Quenelles are really just fishballs in French, so there’s nothing that should scare you here. You aim for a super light texture (very contrary to their Asian cousins), but if you don’t quite achieve it, there’s still nothing lost and you will probably enjoy them just as much. If you’re making them for guests, my advice is to pretend whatever texture they turn out to be is the exact one you were aiming for. This is one of the great Sunday Lunch dishes. You can serve it individually plated, or in a tray in the middle of the table. You can make it in advance and gratinate it in a hot oven. You can even pre-cook the quenelles and then deep fry them and serve them with a light tomato sauce! I like serving them very simply around the still hot pot of freshly made sauce. The more splattered and untidy it looks, the better I like it.
The real traditional quenelles are made with a mixture of béchamel, panada and fish paste, but that’s too much bother in my books, so I’ve developed this mousseline type quenelles that are easy and fast to make, quick to boil and delicious to eat. Plus, the bones will make your sauce, so it’s an all in one dish!
It is essential that you buy really fresh fish, so if that can’t be found, skip this recipe and make jam instead. Get the fishmonger to scale and fillet the fish for you. Even if he is the lousiest monger in town, he can’t spoil your fillets, because you’re going to turn them into paste anyway! There are two parts to this recipe, the quenelles and the sauce. I suggest you make the quenelles first, chill the paste while you start on the stock, shape the quenelles and keep them covered in the chiller while you finish the sauce. Don’t add the lemon juice and just leave all this to be finished 20 minutes before you want dinner to be on the table.
Smoked Salmon Ricotta Quenelles
makes 12 generous quenelles, enough for a good starter for 6
- 300g seabass fillets, skinned, trimmed weight (2 medium fish)
- 100g smoked salmon
- 3g salt
- white pepper
- freshly grated nutmeg
- 3 small egg whites
- 150g ricotta
- 150g liquid cream
Put the bowl and lid of your food processor or blender into the chiller. Make sure the seabass fillets are perfectly trimmed and washed of all scales. You may want to cut out the darkest part of the bloodline. Cut the trimmed seabass fillets into smallish pieces. This will make is easier for you to blend them. The weight should be 300g-315g. Anything more and you will need to adjust the rest of the ingredient weights.
Cut the smoked salmon into dice and add it to your fish. Put the fish and smoked salmon on a flat plate and put it into the freezer for about half an hour to make sure the fish is very cold. Both the ricotta and the cream should be as cold as possible without being frozen. Put all the fish salmon into the food processor, add the salt, white pepper and nutmeg and pulse to a fine paste. Once done, feel the paste to make sure it is still perfectly cold. If it isn’t, or if you’re not sure, put the bowl of the food processor and all its contents into the freezer for 15 minutes. Now add half the egg whites (you can whisk them lightly to make them easier to pour) and pulse again. Add the rest of the egg whites and pulse again.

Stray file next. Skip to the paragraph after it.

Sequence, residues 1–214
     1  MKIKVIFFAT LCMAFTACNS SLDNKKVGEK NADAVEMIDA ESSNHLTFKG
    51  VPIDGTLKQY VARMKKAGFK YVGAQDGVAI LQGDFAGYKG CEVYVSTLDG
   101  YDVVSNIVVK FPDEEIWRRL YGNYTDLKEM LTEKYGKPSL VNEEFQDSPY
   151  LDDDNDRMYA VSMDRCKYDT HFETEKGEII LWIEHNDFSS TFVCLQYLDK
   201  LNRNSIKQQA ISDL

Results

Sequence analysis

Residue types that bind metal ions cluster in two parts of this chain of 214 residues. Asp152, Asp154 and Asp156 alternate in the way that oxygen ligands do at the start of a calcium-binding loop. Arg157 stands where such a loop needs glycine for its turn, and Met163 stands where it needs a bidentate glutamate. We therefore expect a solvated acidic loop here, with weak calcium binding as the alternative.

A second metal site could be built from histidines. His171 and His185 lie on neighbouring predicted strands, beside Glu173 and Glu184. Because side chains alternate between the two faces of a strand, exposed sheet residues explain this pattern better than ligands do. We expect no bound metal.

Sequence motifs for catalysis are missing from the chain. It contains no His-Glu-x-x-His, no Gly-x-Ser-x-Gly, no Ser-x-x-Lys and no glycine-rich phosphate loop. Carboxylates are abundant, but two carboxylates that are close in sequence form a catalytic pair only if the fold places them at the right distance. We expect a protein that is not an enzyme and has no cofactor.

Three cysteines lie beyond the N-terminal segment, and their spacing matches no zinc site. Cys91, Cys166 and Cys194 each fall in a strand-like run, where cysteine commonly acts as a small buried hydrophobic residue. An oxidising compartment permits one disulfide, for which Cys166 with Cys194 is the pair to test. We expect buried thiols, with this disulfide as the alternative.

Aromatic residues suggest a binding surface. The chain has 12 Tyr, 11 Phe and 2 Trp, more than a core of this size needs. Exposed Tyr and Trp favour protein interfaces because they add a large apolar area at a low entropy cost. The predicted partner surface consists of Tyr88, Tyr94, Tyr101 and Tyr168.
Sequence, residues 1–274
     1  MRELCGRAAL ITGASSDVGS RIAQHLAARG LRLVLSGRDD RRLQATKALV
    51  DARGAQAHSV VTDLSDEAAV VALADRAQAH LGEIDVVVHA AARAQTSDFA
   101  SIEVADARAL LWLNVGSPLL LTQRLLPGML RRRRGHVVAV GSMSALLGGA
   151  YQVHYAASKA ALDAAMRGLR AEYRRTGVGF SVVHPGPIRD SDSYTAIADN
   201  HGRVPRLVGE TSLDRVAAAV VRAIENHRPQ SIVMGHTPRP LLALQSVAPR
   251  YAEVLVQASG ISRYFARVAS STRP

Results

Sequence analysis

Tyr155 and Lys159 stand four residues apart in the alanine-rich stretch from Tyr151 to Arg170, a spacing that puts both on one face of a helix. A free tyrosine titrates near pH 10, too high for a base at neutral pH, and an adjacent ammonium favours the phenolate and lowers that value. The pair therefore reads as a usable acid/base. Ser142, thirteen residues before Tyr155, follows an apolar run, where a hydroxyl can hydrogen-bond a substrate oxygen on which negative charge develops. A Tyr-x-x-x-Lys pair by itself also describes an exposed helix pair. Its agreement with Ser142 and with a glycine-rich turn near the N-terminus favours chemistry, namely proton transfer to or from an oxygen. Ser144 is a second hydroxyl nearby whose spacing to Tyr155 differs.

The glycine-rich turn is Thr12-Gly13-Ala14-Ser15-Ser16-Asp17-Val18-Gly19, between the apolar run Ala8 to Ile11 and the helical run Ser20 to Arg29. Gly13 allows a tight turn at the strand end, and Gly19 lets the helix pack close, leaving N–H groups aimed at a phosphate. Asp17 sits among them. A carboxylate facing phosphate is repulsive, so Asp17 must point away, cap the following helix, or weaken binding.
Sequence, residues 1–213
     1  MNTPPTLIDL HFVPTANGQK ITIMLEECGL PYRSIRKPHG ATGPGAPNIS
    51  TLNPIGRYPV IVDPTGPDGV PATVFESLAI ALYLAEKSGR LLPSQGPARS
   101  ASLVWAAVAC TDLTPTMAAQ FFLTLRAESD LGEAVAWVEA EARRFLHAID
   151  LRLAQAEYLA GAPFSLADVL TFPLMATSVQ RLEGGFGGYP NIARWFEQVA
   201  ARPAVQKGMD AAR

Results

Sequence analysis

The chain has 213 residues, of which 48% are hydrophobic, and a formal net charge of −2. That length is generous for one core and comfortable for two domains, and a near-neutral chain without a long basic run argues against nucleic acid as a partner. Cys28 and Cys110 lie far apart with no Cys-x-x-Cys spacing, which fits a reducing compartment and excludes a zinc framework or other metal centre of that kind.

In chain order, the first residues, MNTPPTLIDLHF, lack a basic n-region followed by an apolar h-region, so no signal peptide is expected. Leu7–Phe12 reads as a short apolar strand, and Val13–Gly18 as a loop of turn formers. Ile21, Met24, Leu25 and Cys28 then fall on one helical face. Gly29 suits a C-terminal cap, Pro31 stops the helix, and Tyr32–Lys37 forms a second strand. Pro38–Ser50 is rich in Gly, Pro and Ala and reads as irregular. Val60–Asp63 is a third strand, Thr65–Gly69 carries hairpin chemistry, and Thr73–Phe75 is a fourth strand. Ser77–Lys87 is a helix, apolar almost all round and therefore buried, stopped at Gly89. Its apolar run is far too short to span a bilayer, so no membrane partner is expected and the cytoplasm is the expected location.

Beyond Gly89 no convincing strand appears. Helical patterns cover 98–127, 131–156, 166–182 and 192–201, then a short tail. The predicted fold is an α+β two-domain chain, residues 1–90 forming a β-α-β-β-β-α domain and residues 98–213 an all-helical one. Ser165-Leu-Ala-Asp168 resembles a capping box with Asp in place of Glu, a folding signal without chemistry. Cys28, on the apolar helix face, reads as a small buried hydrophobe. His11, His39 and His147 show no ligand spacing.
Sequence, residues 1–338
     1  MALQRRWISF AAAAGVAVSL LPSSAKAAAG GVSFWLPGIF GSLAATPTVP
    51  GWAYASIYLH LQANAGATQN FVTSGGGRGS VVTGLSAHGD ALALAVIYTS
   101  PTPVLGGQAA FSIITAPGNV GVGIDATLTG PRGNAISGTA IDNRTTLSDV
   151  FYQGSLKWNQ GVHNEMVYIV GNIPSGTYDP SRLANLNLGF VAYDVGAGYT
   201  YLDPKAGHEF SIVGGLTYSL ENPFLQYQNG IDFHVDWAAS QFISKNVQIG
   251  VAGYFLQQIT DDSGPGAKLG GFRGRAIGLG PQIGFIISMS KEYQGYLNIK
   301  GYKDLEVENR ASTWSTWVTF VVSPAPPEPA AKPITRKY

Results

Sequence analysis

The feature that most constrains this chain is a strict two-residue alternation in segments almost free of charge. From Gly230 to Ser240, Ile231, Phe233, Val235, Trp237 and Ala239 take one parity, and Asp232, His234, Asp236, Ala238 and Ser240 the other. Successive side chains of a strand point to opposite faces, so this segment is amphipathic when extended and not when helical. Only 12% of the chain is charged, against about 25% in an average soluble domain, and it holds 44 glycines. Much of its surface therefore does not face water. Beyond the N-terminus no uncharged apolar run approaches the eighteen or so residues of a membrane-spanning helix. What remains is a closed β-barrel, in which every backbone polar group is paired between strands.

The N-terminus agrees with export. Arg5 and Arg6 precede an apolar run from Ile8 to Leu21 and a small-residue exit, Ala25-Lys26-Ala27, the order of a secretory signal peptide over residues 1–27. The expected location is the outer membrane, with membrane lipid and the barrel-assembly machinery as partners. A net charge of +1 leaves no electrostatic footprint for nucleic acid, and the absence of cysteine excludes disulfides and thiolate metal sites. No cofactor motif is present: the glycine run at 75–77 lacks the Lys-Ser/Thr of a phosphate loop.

Check the temperature of your mix. If it is cold, add the ricotta and pulse again, then add the cream and pulse one more last time. Chill the mix for at least an hour. You can speed this up by putting it into the freezer, but try not to forget it…
The traditional recipe now asks you to push this through a fine strainer, but I think it is really not necessary and it is truly a devil of a task, so don’t.
Using two tablespoons, shape the mix into quenelles. You can do all this in advance and keep the shaped quenelles covered in the chiller for one day. When ready to serve, bring a pot of well salted water to a simmer and poach the quenelles in the barely simmering water for 10-15 minutes. They should feel perfectly firm and springy. Remove and serve, or chill for later use.
Fennel Cream Sauce
- heads and bones of 2 medium seabass
- 1 fennel bulb
- 1 leek
- 1 medium onion
- 2 celery branches
- 1 tsp fennel seeds
- salt & white pepper
- 25g butter
- 150ml dry white wine
- 300g liquid cream
- juice of 1 lemon
Wash and dry the fish heads and bones. Dice the fennel bulb, leek and onion. Melt the butter in a saucepan and sweat the vegetables in the butter without browning them. This should take about three minutes. Now add the fish bones to the pan and continue to fry until the bones are pretty much cooked, another 3-4 minutes. Turn up the heat, deglaze with the wine and leave to evaporate completely. Now add about 1 litre of water, just enough to cover the fish and vegetables. We will want to reduce the stock to just 150ml, so the more you add now, the longer you will need to cook it down.
Bring the stock to a simmer and gently cook uncovered for one hour. Strain the stock through a fine strainer and then strain it again through a cloth. You want the stock to be as clear as possible. Put the stock back into a pot and reduce to about 150ml. Pour the cream into another saucepan and simmer to reduce by two thirds to very thick, You do unfortunately have to watch and stir this all the time, or it will burn and you won’t be able to use it.
Off the heat, gently pour the reduced stock into the reduced cream, stirring all the time. Your sauce should be thick enough to coat the back of a spoon. If it isn’t, simmer to reduce it further. Turn off the heat and leave to rest a few minutes, then slowly and carefully add the strained lemon juice, adjust the seasoning and strain the sauce one more time. You’re ready to serve.
I have served my quenelles with white asparagus that I bought ready made in a jar, but you could just decorate your plate with a few salad leaves, a small raw fennel salad or even just an oven baked tomato! Serve them with rice, if you want to turn it into a meal.